We consider the evolution of N bosons interacting with a repulsive short range pair potential in three dimensions. The potential is scaled according to the Gross-Pitaevskii scaling, i.e. it is given by N2V(N(xi ? xj)). We monitor the behavior of the solution to the N-particle Schrödinger equation in a spatial window where two particles are close to each other. We prove that within this window a short scale interparticle structure emerges dynamically. The local correlation between the particles is given by the two-body zero energy scattering mode. This is the characteristic structure that was expected to form within a very short initial time layer and to persist for all later times, on the basis of the validity of the Gross-Pitaevskii equation for the evolution of the Bose-Einstein condensate. The zero energy scattering mode emerges after an initial time layer where all higher energy modes disperse out of the spatial window.

This is a joint work with A. Michelangeli and B. Schlein.


***POSTPONED***
November 26th
(Thursday)
Fields
Room 210
12:00 - 1:00 pm

Almut Burchard (University of Toronto)
Competing Symmetries and convergence of sequences of random symmetrizations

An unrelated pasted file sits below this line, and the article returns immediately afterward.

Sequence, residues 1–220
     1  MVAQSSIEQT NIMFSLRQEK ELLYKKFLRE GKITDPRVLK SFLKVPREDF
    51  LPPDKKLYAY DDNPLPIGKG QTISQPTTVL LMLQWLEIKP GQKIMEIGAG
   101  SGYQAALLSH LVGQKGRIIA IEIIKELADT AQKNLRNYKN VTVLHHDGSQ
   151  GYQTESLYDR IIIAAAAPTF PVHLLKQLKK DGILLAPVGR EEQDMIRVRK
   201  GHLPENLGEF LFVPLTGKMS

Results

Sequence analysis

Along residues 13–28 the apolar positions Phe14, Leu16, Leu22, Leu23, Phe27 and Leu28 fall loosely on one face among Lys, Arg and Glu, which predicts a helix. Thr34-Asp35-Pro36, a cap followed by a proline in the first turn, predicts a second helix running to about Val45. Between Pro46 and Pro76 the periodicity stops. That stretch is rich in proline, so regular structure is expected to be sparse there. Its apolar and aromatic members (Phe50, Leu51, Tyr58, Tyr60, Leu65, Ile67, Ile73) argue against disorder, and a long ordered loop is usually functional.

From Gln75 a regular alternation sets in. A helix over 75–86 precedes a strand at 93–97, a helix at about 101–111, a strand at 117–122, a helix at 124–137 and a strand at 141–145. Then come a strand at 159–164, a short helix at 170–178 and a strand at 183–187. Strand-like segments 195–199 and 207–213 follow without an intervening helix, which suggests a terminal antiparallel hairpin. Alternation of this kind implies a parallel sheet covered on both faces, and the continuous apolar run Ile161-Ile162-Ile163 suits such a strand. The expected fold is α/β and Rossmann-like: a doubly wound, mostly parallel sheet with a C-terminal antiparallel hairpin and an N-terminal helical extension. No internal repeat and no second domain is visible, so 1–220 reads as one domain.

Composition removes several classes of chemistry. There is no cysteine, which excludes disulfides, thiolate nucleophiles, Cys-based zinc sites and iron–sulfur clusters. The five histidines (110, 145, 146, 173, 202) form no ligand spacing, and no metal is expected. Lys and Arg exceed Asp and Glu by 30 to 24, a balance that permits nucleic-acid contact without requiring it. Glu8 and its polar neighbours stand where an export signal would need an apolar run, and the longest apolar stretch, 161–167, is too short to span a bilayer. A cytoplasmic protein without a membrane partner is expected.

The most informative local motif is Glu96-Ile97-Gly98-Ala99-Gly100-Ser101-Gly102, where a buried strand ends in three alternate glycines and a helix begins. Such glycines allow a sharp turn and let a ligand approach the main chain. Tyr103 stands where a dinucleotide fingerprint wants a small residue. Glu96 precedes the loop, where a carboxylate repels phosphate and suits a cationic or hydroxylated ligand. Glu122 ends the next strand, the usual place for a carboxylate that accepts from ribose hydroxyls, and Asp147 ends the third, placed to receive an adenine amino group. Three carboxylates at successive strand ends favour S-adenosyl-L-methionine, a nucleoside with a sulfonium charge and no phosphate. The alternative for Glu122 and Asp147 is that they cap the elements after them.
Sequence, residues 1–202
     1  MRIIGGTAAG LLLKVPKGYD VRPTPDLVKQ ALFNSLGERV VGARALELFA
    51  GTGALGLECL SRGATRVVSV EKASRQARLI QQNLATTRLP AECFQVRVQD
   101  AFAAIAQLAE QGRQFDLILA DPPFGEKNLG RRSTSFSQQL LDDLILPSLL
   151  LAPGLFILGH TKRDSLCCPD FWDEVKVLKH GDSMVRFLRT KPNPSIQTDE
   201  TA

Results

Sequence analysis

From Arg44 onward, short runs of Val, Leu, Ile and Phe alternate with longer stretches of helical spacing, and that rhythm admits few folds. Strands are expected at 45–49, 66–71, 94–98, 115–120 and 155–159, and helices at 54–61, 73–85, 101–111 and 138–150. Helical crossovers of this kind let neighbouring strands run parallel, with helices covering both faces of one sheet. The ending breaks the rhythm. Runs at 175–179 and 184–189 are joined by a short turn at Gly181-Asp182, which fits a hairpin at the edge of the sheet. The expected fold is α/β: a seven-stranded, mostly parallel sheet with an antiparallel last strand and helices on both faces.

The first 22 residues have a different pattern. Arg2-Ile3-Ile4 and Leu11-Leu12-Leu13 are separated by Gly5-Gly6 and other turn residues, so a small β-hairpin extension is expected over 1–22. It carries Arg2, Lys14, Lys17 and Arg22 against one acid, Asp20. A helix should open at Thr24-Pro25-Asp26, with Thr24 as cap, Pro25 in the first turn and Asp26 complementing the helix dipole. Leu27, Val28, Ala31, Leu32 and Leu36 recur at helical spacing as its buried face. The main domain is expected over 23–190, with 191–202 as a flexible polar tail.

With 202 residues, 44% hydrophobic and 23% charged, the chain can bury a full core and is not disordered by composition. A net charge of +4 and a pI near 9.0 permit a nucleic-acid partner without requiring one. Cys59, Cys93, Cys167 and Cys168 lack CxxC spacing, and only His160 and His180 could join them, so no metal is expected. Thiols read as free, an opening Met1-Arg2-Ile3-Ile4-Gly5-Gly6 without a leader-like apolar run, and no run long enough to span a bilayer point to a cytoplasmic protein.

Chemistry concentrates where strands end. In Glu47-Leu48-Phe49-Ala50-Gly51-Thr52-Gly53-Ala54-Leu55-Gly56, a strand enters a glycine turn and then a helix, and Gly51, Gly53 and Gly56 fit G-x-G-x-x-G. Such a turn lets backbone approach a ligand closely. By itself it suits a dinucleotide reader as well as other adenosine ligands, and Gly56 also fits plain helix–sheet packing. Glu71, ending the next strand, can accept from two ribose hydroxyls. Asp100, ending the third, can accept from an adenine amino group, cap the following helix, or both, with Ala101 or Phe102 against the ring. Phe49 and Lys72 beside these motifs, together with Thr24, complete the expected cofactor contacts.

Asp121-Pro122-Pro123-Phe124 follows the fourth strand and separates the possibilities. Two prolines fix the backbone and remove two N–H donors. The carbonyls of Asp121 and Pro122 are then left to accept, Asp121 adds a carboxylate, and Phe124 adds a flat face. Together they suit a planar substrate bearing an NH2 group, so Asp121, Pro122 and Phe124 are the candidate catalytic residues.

Rearrangements change the shape of a function while preserving its size. The symmetric decreasing rearrangement, which is used for finding extremals of functionals that involve gradients or convolutions, replaces a given function f with a radially decreasing function f^*.

The symmetric decreasing rearrangement can be approximated by sequences of simpler rearrangements, such as Steiner symmetrizations or polarization. In this talk, I will discuss the convergence of random Steiner symmetrizations to the symmetric decreasing rearrangement. The Competing Symmetries technique of Carlen and Loss will be explained in detail.

References:

A. Volcic, Random Steiner symmetrization of measurable sets.
http://arxiv.org/abs/0902.0462

A. Burchard, Short course on rearrangements (Section 3.2).
http://www.math.utoronto.ca/almut/rearrange.pdf

A. Burchard, Steiner Symmetrization is continous in W^{1,p}
(Theorem 3 and Sections 6-7). GAFA 7 (1997), 823-860.
http://www.math.utoronto.ca/almut/preprints/steiner.ps

 


January 7, 2010
(Tuesday)
Fields
Room 210
12:00 - 1:00 pm
Oana Pocovnicu (Orsay)
Traveling waves for the cubic Szeg equation on the real line
We consider the cubic Szeg equation on the real line. This equation was introduced by Grard and Grellier on the circle as a toy model for non-dispersive evolution equations in studying the nonlinear Schrdinger equation on a sub-Riemannian manifold. It turns out that this equation is completely integrable. i.e., it has a Lax pair and there is an infinite sequence of conserved quantities. In this talk, after discussing its well-posedness in the Hardy space on the upper half-plane, we show that the only traveling waves are of the form C=(xp) , with Im p<0 . Moreover, they are shown to be stable, in contrast to the situation on the circle where some traveling waves were shown to be unstable.
January 14th, 2010
(Thursday)
Fields
Room 210
12:00 - 1:00 pm

Almut Burchard (University of Toronto)
Competing Symmetries and convergence of sequences of random symmetrizations